4 – Rollerball (2002): I know I just wrote a big piece on the worthiness of remakes, but here is a perfect example of the type of remake that creates such bad blood. The original Rollerball isn’t the greatest movie ever made by any stretch, but it’s fairly entertaining and has an interesting concept. In some ways it’s perfect for an update as it doesn’t have that high level of rabid fandom that other similar properties do (e.g. Logan’s Run). Truth be told when I heard the director of Die Hard was at the helm, I figured this would be a home run. And it had one of the greatest teaser posters ever. Alas the action was unexciting, and Chris Klein didn’t prove to be a substitute for James Caan.
5 – Thunderbirds (2004): When you look at Gerry Anderson’s original show, it wasn’t the awesome storylines or well-developed characters that kept kids glued to their sets - it was the puppets (Team America sure got that part right)! So it was no surprise that Thunderbirds were not go at the box office. The casting of Ben Kingsley as The Hood was relatively inspired, but everything else not so much. Basically it’s a movie that is puzzling to anyone too young to remember the original and off-putting to longtime fans.
6 – The Wicker Man (2006): Again a remake. The original is such a fantastic film, that it’s a tall hurdle to clear in doing something worthwhile in terms of an update. Interestingly it has a cool director (Neil LaBute) and great cast (Nicolas Cage, Ellen Burstyn), so you’d think it might have a shot. Nope. Particularly crazy is the outlandish performance by Cage who is in rare form. Don’t get me wrong, I like when Cage is in full on Cage mode (e.g. Vampire’s Kiss, Wild At Heart) . . . just not here. I always thought Ewan McGregor would’ve been good in the role, but he couldn’t have saved this.
7 – Alien Vs. Predator: Requiem (2007): I didn’t hate the first Alien Vs. Predator film as some did. It had a cool concept, but was unfortunately a bit watered down. Frankly I preferred it to Alien Resurrection. The announcement of Requiem didn’t excite me at all, but it did have a great tagline – “This Christmas there will be no peace on Earth.” Say what you will but that’s pretty good. Giving it the subtitle of Requiem also makes it sound as though it may be high minded fare for a movie depicting a conflict between aliens and predators. Unfortunately the movie is a total mess. It’s not just that the plot and characters are weak, the film looks bad. You literally cannot see the action most of the time. In some cases (e.g. the original Alien) this is a stylistic choice, here it looks like someone forgot to pay the electric bill.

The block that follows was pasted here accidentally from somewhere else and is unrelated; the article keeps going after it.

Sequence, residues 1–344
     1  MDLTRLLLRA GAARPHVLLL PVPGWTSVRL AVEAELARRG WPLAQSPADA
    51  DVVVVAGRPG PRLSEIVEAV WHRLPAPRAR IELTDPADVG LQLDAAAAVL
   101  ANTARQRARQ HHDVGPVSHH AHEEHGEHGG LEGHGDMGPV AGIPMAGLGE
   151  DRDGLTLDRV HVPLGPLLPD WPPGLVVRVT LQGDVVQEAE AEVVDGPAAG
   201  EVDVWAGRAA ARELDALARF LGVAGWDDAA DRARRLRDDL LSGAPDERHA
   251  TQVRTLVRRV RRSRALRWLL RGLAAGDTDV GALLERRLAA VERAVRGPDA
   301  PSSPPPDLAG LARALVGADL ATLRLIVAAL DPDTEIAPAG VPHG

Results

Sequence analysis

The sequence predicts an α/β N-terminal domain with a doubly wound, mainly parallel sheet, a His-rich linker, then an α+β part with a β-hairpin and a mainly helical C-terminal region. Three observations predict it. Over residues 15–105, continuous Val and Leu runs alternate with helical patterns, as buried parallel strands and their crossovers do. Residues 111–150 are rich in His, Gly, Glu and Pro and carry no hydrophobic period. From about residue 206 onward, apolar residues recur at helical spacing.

8 – Hulk (2003): The truth is I’m of two minds on this movie. While on one level I appreciate that Ang Lee attempted to do something radical for a summer blockbuster, it simply doesn’t measure up to the larger than life nature of the title character. The comic book visual style is pretty cool, there are a few great Hulk action sequences, and Nick Nolte turns in a performance beyond description. I’m betting in a few years I warm up to this one, but that hasn’t happened yet. For what it’s worth it’s not as lifeless as the follow up with Edward Norton.
9 – Hollow Man (2000): This was such a major disappointment. The material was perfect for Verhoeven, and it certainly bears some of his crazy trademark touches, but the end result is underwhelming. Interestingly I watched the first 30 minutes of the DTV sequel starring Christian Slater and found it more entertaining. That’s the great thing about DTV, it rarely favors style over substance.
10 – Halloween: Resurrection (2002): This installment came and went without showing up on my radar, and then I randomly came across it on cable one night. It reminds me of the old saying what good is wisdom if it brings no profit to the wise. Not much as it turns out. Say what you will about Zombie’s reimaginings, but they’re a far cry better than this. It makes the Friday the 13th reboot look like a work of unparalleled genius. In the right hands I don’t have a problem with the concept they were trying to pull off (i.e. reality television meets the horror genre). Recently I just saw a great example of a similar effort in the British show Dead Set (zombies meet Big Brother). Unfortunately these were the wrong hands.
So there you have it a best of/worst of list for the 2000’s. As I said in the intro, these kinds of lists are never satisfactory, in my mind they serve to highlight standouts (of which there are many). Feel free to comment and share others you think are worthy (or unworthy : )